When 16-year-old Gabby Douglas won her gold medals for best individual and best all-around for the USA Women’s’ Gymnastics Team, she became the first African-American to attain that goal. The dream she had as a little girl had finally come true and there was no denying it.
But right after Douglas won, the commercial that followed her win would have sent dead silence through a museum. I’m not sure who decided it would be a smart idea to air a monkey doing gymnastics, but it was clearly not a bright move. NBC has since apologized stating that it was bad timing and nothing more. What I don’t understand is why the gymnastics-themed commercial for the new NBC show Animal Practice was specially timed to run following the Women’s’ gold medal competition.
NBC Universal spokeswoman Liz Fischer said the commercial had already been run three times previously, but that still doesn’t explain why the commercial was intentionally run after that specific competition. They say it was just bad timing and it very well could have been, but I don’t rule out anything from anyone. Racism is still very much alive and well in our world. The only thing that has changed is the expression of it, because of the controversy that comes with racism.
Anytime you put more than one race or type of people in one place, there’s bound to be some type of friction. In a sense, the Olympic Games truly put the world on stage for the entire world to see. Just this year alone, there have been at least four issues involving racism and the Olympic Games. The first is everything surrounding Gabby Douglas, from the commercial to all the talk about her natural hair. Then there’s Greek triple jumper Paraskevi “Voula” Papachristou who was banned from the London Games for tweeting, With so many Africans in Greece at least the West Nile mosquitoes will eat homemade food. Some may say the Hellenic Olympic Committee was too harsh for leaving her behind in Athens, but I agree with their decision. The Games are about respect and honor, not childish ignorance.
Swiss soccer player Michel Morganella also allowed his thoughts and fingers to get him booted out of the Games when he tweeted, I’m going to beat up every Korean. Go burn yourself! Bunch of mongoloids. Just because you’re upset about losing to South Korea doesn’t mean you can say such things. Lithuanian basketball officials were warned by Olympic officials to control their fans from their racial behavior. There was a Lithuanian fan that admitted to making Nazi gestures and monkey chants during the team’s win against Nigeria. They were told if the behavior continued that it would result in punishment in other competitions and possibly even consequences beyond the London Games.
At the 1968 Mexico City Olympic Games, Track runners Tommie Smith and John Carlos did something that changed the course of history and their lives. Martin Luther King Jr. and Robert Kennedy had just been assassinated, blacks were still struggling for their human rights, and these two men were ready to take a stand. There had been rumors of some type of protest among the African-American athletes so everyone was on high alert, but as the Games began nothing happened. On day five of the Games, Smith won gold and Carlos won bronze in the 200 meter run. They accepted their medals in a way that got them booed after the presentation and banned from Olympic Village by officials. They both calmly walked to and stood upon the victory podium wearing black socks without shoes to symbolize black poverty in the U.S.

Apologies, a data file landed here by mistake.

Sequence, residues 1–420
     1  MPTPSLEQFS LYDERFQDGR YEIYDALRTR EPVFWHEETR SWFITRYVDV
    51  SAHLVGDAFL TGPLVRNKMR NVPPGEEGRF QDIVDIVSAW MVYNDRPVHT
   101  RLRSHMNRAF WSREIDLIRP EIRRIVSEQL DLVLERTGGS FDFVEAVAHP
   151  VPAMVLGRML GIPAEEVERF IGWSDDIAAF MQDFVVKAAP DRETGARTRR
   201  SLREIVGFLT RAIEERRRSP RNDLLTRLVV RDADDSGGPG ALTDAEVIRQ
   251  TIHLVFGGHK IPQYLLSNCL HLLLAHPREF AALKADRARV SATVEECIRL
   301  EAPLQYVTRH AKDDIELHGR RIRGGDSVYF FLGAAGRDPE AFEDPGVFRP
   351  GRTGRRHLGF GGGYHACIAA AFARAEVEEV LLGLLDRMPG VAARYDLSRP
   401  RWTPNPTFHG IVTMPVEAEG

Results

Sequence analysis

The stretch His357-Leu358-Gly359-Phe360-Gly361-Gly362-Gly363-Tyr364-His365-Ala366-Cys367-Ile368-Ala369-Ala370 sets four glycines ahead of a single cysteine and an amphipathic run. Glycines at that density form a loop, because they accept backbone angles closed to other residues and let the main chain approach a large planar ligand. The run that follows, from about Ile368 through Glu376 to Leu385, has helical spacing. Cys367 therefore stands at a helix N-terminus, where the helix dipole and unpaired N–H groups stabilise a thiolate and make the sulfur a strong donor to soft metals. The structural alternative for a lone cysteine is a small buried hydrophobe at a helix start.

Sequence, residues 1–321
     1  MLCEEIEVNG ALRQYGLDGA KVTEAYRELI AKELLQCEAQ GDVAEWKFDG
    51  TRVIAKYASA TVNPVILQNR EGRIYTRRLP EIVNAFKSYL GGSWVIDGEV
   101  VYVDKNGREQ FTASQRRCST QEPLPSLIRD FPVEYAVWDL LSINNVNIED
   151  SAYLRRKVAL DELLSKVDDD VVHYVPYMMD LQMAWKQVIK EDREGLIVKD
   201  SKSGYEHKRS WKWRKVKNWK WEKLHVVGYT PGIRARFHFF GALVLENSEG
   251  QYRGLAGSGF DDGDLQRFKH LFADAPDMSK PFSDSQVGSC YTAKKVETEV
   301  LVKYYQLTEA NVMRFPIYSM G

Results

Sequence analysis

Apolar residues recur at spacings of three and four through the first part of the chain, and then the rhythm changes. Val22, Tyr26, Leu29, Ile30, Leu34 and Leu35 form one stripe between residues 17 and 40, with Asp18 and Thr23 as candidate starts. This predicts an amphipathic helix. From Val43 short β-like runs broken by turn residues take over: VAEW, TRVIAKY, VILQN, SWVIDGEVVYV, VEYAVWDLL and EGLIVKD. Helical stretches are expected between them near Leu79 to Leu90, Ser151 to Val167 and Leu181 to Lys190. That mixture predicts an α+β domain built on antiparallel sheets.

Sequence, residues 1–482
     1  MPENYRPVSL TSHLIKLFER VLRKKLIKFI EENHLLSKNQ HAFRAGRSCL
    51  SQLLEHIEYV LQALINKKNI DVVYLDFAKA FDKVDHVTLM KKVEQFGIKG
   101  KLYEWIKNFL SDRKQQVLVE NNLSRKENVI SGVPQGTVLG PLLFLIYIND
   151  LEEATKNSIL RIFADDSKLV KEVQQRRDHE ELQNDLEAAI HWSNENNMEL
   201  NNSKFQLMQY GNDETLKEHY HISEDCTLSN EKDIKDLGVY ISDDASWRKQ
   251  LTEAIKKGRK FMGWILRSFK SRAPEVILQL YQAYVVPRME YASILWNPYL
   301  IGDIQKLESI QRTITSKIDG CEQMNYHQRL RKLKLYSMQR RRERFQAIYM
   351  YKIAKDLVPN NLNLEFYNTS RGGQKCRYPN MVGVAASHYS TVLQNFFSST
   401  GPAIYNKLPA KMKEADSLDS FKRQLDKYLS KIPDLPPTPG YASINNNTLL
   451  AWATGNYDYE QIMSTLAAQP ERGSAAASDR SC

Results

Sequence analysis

Smith wore a black scarf representing black pride. Carlos wore a strand of colorful beads to protest the lynchings that were still happening in the U.S. He also unzipped his jersey jacket that is against regulation to represent all blue-collar American workers. Then as the National Anthem played, the two bowed their heads and raised their leather glove wearing fists to the sky in salute to Black Power and unity.
Australian silver medalist Peter Norman believed that their struggle for equal human rights and their views on many issues were worth fighting for so he wore an Olympic Project for Human Rights patch on his jersey jacket as a symbol of solidarity. Once they got back to the States, Smith and Carlos faced years of hard times for their brave act. Norman, whose son is making a documentary called Salute about the historic moment, also had a rough time once he got home for supporting them.
Some say that people can be too touchy when it comes to racism and other such things. Though sometimes situations can be blown out of proportion, it’s not going too far defend yourself and others. Though we all bleed red and we’re all human, our race and other such things make up who we are. The last time I checked I was proud of who I am; therefore I’m proud of my race, culture, sex, and everything else that makes me who I am. This is the way God made me. Tommie Smith, John Carlos, and Peter Norman knew that they would only get five seconds in the spotlight, so they decided to use it to let their voices be heard.
If you have the chance to make a change, why not make it? It was their bravery and many more acts like it that paved the way for Gabby Douglas to be able to go for and win gold in London. I feel the same pride when I see a picture of Gabby Douglas standing on that victory podium as I do when I look at a photo of the 1968 Black Power salute. It’s now a sense of only Black pride, but pride for the human rights struggle.